Last night on WQED-FM, a little after 8pm, I just happened to tune in at what I would call 'the perfect time.' Well anytime is a good time, but on this occasion it was indeed perfect because I was listening to a concert recorded a few months ago at Chatham University; a concert, coincidentally, I had intended to attend, but was unable. So I was delighted to hear this music, and with three members of the Pittsburgh Symphony Orchestra. Now admittedly, I didn't recognize it for Brahms, and I didn't recognize the artists while listening; it was surely pleasant and relaxing, sometimes driving and vigorous, and just plain great -- I remember thinking that this is the kind of music that I strive to hear. I was alerted by Ted Sohier after it was over, as to by whom and where it was performed.

The Chamber Music Concert included four women, alumni of The Curtis Institute of Music, performing together for the first time in Pittsburgh, and presented by Chatham University. This concert was held on Sunday, January 11, 2009:

Brahms Piano Quartet in G minor
Tatjana Mead Chamis, Viola - Pittsburgh Symphony Associate Principal
Heather Conner, Piano - Salt Lake City
Jennifer Ross, Violin - Pittsburgh Symphony Principal
Anne Martindale Williams , Cello - Pittsburgh Symphony Principal

Aha, so this was the Brahms that I was enjoying! That same concert.

There were several other pieces presented that evening, and oh, how I wish I had experienced them as well:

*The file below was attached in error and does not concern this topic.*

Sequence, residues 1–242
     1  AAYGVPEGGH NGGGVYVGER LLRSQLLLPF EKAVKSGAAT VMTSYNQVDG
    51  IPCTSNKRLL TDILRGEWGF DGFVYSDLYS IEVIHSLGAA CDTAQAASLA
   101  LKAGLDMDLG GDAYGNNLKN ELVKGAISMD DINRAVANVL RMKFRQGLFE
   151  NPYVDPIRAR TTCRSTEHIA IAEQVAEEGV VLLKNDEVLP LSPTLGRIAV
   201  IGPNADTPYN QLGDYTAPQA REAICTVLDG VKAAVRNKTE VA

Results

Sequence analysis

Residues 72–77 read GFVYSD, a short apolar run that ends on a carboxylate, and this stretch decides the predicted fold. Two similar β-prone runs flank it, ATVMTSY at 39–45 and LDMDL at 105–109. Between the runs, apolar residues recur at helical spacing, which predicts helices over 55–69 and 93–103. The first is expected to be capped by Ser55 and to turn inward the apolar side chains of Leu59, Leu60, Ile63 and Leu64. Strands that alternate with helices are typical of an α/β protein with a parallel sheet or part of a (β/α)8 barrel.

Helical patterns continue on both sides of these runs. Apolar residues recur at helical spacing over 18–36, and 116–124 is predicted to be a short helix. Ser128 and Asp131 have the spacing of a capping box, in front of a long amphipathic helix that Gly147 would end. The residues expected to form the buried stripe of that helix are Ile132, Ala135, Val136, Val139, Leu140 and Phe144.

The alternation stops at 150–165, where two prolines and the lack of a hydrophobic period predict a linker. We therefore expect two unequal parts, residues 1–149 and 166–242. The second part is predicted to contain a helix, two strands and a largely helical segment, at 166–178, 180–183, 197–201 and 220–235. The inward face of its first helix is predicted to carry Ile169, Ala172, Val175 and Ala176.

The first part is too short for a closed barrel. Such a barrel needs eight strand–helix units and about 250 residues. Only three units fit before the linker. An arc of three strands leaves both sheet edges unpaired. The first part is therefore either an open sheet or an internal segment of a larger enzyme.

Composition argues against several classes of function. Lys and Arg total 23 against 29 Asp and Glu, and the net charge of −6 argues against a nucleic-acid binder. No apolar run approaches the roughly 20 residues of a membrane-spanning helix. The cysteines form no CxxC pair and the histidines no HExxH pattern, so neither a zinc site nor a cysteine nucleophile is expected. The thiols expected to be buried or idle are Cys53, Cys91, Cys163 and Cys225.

Robert Schumann - "Fairy Tales"
Henri Vieuxtemps - Sonata in B flat Major Op.36
Boris Pigovat - "Nigun" for Solo Viola (Pittsburgh Premiere)

Update: I've heard back from a musician of the PSO that there is a proposed cut of funds provided by the Commonwealth of Pennsylvania to WQED. This is sad news indeed, if it comes to fruition. In that event I would hope that WQED finds ways to make up for it. I've made suggestions to them every year, with my donation, the kinds of things they do in business. I don't know how much leeway they have, considering they are funded partly by the Federal government (NPR news is one expensive place to cut, I want to hear music, not news). I would be disappointed if whatever cuts mean that we no longer hear PSO music on the radio, that would be devastating. I'll be contacting my state representative to request they reconsider this cut.

Carnegie Music Hall - Premier of Beethoven Oboe with full symphony

March 20, 2009

Carnegie Music HallTonight I enjoyed a magnificent premier of a composition reconstructed by Renate Rosenblatt of a draft of an Oboe Concerto by Beethoven. When I say premier, I mean that it is the first time ever played with full orchestra. The acoustics at Carnegie Music Hall are more intimate, beautiful in their own way, and for the first time I experience true stereo, or perhaps surround sound. This is my first time at this beautiful hall. Being this close at this hall is a desirable place to be.